The year is ending, so it’s time for the Erik Wemple Blog to look back at the stories we’ve covered over our first half-year in existence. We’re calling it the Look-Back Fortnight.
The New York Times bagged its legendary “Week in Review” section in late June in favor of a windier, thinkier “Sunday Review” section. After one taste of the switchover, this blog editorialized for a retraction. Please reinstate the Week in Review, we asked.
Too hasty a judgment?
Nah, the longing for the old continues. Though the stuff in Sunday Review does occasionally captivate, quite often it alienates. An example: In November, Frederick Seidel wrote a little essay titled, “Is the Era of the Motorcycle Over?”
Enticing premise, baffling execution. Seidel proceeds to draw some kind of comparison between motorcycles and products by Apple, with this quasi-conclusion:
In Dallas, at Advanced Motorsports, his motorcycle dealership, Jeff Nash, a gentleman and one of the great Ducati racebike tuners in America, and a racer himself, deplores the passivity of the young who would rather be home with their iPads playing computer games than astride the red-meat lightning of an 1198 Superbike blazing down a Texas highway making that unmistakable growling deep Ducati sound. Mr. Nash would go further.
Better to be out in the air astride just about any motorcycle alive!
Too often the Sunday Review’s pieces have come off as the hurried scribblings of some author or expert on a cool topic. Author Rachel Shteir turned in an October piece on the gender dimensions of shoplifting. Again, a really promising notion — followed by surveyish prose:
And I learned that although men’s fingers were stickier than women’s, there was a difference in what they took and where they took it from.
A 2005 study, conducted by Joshua Bamfield at the Center for Retail Research in Nottingham, England, may be the only one to show that men and women steal different things. While women took clothes, groceries and perfume, men grabbed TVs, household appliances and power tools. According to Mr. Bamfield, men tended to hide their power tools in backpacks, while women were more likely to smuggle the perfume out in strollers. Men also saw shoplifting as a transitional crime, a pit stop to more profitable criminal pursuits, whereas women sometimes shoplifted for years — though many stopped after marriage.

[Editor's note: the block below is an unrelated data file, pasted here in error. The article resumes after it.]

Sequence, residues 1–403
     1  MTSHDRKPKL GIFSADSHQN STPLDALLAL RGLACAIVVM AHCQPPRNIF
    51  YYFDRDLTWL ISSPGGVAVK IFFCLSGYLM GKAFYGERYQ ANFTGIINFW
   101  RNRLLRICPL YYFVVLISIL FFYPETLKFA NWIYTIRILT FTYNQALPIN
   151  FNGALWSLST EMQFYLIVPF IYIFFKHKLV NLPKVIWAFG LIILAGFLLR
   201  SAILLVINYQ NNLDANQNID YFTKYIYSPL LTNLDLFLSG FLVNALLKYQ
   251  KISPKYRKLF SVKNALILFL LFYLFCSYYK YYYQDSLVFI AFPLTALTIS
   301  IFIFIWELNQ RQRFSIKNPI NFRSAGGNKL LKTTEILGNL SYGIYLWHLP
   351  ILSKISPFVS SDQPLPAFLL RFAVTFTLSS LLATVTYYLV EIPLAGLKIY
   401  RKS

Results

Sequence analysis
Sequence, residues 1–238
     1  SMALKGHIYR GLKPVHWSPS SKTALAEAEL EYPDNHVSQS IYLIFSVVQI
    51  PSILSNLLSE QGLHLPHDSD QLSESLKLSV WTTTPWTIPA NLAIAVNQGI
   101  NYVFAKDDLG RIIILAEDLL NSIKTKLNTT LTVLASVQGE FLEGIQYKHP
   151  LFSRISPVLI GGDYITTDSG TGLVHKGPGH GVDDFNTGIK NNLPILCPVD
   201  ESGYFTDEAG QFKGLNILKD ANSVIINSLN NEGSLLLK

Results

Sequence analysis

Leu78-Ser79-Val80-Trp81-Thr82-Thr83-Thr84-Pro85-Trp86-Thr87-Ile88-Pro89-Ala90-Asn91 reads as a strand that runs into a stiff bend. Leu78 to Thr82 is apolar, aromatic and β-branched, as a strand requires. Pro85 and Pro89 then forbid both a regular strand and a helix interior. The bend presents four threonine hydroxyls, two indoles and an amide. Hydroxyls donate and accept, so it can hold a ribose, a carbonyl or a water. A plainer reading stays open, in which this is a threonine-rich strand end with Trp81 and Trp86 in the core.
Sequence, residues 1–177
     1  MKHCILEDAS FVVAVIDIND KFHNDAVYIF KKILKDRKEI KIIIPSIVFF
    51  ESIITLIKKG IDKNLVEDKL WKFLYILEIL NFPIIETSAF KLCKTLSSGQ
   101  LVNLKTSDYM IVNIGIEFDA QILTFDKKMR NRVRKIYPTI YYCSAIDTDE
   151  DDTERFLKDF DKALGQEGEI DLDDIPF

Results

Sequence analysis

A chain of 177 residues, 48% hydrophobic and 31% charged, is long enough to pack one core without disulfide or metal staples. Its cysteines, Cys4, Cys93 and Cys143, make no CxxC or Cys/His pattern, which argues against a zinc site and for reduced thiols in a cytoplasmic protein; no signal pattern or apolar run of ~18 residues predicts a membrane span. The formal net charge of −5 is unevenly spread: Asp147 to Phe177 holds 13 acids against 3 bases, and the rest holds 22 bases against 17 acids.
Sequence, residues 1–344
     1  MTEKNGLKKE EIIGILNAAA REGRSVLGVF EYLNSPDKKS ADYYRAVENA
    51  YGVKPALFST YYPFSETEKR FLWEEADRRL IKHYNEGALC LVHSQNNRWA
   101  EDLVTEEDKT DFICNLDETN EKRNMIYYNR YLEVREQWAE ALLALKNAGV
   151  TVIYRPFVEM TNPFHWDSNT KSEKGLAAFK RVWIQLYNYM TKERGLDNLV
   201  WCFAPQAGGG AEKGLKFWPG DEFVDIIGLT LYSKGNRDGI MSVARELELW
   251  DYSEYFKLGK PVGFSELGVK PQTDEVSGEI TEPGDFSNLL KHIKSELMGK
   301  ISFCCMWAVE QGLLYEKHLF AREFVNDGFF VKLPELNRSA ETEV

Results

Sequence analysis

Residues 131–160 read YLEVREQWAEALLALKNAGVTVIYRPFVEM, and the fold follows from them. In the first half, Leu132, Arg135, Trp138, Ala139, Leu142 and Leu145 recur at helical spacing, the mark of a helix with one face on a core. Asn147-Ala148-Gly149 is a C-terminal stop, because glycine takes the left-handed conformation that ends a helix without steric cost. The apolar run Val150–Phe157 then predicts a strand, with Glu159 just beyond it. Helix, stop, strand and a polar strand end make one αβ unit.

Within the genre of stray-comments-from-established-author, no exemplar was more flimsy than that of Erica Jong, who wondered in a July edition of the Sunday Review whether sex was “passe.” (Answer: I don’t think so.)
Whatever the formula, the Sunday Review appears to be gaining audience. “The online traffic to the review has been fantastic,” says Gerald Marzorati, editor at-large of the New York Times. Of the move from Week in Review to Sunday Review, Marzorati says, “Every product gets freshened up from time to time...I think it’s working really well.”
So what has changed from the inside, Marzorati? He suggests there’s more enterprise flowing into the Sunday Review than its predecessor. He gives his writers more time to work on their pieces, with lead times of 10-12 days as opposed to just a few. Also, he affords them more square inchage. “Some pieces run as long as 2,000 words,” says Marzorati. May I please categorize that as a drawback? If there’s one luxury that my Sunday doesn’t afford me, it’s to review a 2,000-word opinion piece that could be 700 words. Yes, the Week in Review’s essays read like brainstorms buttressed by a phone call or two, and that was part of the appeal.
None of this is to say I’ll ever stop thrashing through the Sunday Review. Even if a lot of the pieces fail to meet their conceptual promise, the section is ambitious, and even though Frank Bruni on politics doesn’t move me, this piece on his family did.
Plus, the media geek in me lives to game out the difference between “news analysis” and “opinion,” as defined in the section. Habitués know that pieces in the section get slotted into these categories, which both have careful definitions within the walls of the Times. Not to mention shepherds: Marzorati says he edits “news analysis” pieces; another editor manages the “opinion” basket. Next time you consume a Sunday Review, try putting a piece of construction paper over the label. Read the adjacent piece, and then guess whether it’s “news analysis” or “opinion.” After enough iterations, you can calculate your own New York Times Provocative Content Categorization IQ.
Distinctions among content categories have a grand tradition at the Times, a tradition in which the Week in Review played a key role. In his memoir, former Times Executive Editor Max Frankel writes that the legendary Lester Markel, who shaped the paper’s approach to Sunday newspapering, “insisted there be no ‘News Analysis’ or ‘Man in the News’ profiles in the Sunday ‘straight news’ pages outside his jurisdiction. This artificial wall between ‘facts’ and their ‘meaning’ burdened The Times for another generation. Tearing it down became one of my abiding ambitions.”